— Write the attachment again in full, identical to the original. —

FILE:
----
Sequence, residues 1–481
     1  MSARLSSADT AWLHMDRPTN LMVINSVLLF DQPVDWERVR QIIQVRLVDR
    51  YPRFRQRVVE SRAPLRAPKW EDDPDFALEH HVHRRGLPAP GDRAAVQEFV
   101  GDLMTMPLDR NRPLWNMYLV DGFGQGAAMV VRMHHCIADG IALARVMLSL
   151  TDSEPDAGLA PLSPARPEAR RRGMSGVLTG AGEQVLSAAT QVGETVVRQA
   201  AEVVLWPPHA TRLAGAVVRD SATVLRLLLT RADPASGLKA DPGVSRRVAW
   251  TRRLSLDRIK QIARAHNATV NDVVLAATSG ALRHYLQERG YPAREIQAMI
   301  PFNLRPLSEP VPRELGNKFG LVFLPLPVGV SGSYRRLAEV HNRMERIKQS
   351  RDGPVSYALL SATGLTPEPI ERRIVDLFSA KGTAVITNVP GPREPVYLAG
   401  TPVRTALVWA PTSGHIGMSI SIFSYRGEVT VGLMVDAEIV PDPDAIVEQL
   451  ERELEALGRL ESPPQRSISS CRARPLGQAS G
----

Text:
Sequence, residues 1–481
     1  MSARLSSADT AWLHMDRPTN LMVINSVLLF DQPVDWERVR QIIQVRLVDR
    51  YPRFRQRVVE SRAPLRAPKW EDDPDFALEH HVHRRGLPAP GDRAAVQEFV
   101  GDLMTMPLDR NRPLWNMYLV DGFGQGAAMV VRMHHCIADG IALARVMLSL
   151  TDSEPDAGLA PLSPARPEAR RRGMSGVLTG AGEQVLSAAT QVGETVVRQA
   201  AEVVLWPPHA TRLAGAVVRD SATVLRLLLT RADPASGLKA DPGVSRRVAW
   251  TRRLSLDRIK QIARAHNATV NDVVLAATSG ALRHYLQERG YPAREIQAMI
   301  PFNLRPLSEP VPRELGNKFG LVFLPLPVGV SGSYRRLAEV HNRMERIKQS
   351  RDGPVSYALL SATGLTPEPI ERRIVDLFSA KGTAVITNVP GPREPVYLAG
   401  TPVRTALVWA PTSGHIGMSI SIFSYRGEVT VGLMVDAEIV PDPDAIVEQL
   451  ERELEALGRL ESPPQRSISS CRARPLGQAS G